The game is divided into five sections. Traveling and reviewing evidence (kind of an over world), infiltration/combat, electronics, cryptography and driving. Skills points are allocated to these depending on how you like to play. I’d always put my skills into infiltration/combat and cryptography. I generally avoided the driving, since it was the weakest mini-game of the four. Also I’m not a driver, so that makes sense I guess…
I used to love doing the combat in this game, which is generally slow paced compared to most other shooting games. Infiltration/combat is a top down, third person view, with Max navigating a randomly generated building, looking for clues. He/She can plant bugs, photo evidence and arrest suspects if they are present. It is possible to avoid all confrontation with enemy thugs/agents and take apart a crime via cryptography and wiretapping.
Like many Microprose games, Covert Action has an ongoing campaign where you can accrue rank (expressed as your double 0 ranking) and points. If you’re lucky, during a mission you can capture a mastermind of a criminal gang. These organisations are based on real terrorist groups from the mid to late Cold War period. Islāmic Jihad renamed Muslim Jihad, Black September is called Red September and so on. Capturing all the masterminds ends the game and is a process that will take many weeks of playing. Masterminds don’t appear in every mission and each mission generally takes half an hour or more so it is a long commitment.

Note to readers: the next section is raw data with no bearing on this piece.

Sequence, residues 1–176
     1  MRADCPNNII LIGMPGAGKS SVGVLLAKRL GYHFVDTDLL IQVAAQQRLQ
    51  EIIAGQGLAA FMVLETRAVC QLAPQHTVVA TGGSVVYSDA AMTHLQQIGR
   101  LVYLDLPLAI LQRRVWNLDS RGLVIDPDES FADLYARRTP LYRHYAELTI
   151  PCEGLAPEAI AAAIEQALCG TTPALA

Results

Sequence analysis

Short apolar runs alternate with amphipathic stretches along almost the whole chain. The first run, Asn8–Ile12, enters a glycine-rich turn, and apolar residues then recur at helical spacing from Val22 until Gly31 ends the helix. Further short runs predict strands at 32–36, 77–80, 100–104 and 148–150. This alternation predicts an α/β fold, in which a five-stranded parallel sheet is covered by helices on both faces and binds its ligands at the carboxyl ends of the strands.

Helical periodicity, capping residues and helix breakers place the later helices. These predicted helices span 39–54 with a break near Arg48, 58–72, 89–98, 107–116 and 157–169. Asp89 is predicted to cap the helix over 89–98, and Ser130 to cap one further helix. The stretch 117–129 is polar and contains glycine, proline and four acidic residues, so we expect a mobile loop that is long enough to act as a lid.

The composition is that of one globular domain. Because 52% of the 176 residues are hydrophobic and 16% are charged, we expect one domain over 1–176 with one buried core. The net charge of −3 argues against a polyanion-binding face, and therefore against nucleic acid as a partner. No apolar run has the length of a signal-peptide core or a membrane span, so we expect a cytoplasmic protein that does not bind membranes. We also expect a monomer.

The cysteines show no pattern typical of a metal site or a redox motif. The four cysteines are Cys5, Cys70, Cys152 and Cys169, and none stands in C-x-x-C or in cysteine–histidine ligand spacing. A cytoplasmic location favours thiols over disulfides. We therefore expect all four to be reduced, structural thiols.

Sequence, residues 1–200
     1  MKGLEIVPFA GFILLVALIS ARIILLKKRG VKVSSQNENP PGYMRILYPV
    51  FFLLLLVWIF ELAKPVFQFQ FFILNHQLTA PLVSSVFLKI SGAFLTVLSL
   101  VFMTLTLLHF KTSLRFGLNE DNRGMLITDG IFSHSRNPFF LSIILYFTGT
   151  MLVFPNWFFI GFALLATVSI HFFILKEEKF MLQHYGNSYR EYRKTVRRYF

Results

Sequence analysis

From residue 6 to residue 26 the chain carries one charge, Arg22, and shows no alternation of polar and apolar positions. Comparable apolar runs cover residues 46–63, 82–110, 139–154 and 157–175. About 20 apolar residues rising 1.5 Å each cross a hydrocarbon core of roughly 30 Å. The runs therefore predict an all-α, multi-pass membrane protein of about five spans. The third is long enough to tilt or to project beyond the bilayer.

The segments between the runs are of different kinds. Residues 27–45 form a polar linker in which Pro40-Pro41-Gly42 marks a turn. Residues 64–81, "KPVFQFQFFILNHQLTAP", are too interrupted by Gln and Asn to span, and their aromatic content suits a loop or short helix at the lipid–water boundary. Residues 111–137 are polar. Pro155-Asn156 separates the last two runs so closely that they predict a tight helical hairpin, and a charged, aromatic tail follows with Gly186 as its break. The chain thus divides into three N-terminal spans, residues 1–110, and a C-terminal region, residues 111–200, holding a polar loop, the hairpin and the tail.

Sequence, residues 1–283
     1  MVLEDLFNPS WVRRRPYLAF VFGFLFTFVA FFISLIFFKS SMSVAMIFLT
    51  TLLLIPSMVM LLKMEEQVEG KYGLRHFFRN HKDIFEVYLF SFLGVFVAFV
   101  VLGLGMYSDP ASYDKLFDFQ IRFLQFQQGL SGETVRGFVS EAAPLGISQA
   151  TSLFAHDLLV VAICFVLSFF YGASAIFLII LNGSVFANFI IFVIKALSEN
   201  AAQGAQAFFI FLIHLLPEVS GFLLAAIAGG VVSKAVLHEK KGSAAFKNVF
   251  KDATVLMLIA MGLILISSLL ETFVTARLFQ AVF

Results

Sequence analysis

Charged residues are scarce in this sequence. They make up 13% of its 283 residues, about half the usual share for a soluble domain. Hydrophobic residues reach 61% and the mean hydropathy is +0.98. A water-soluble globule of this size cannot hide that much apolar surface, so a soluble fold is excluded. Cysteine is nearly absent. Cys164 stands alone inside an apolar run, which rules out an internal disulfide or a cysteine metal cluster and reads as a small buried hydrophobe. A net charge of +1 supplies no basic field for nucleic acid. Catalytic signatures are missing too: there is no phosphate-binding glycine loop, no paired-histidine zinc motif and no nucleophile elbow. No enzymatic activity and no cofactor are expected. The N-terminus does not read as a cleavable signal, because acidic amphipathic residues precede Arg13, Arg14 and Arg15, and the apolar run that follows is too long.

As much as I loved playing this game, I never got close to finishing it. Secondly, Sid Meier himself realised the error in making a game in four distinct parts;
The mistake I think I made in Covert Action is actually having two games in there kind of competing with each other. There was kind of an action game where you break into a building and do all sorts of picking up clues and things like that, and then there was the story which involved a plot where you had to figure out who the mastermind was and the different roles and what cities they were in, and it was a kind of an involved mystery-type plot.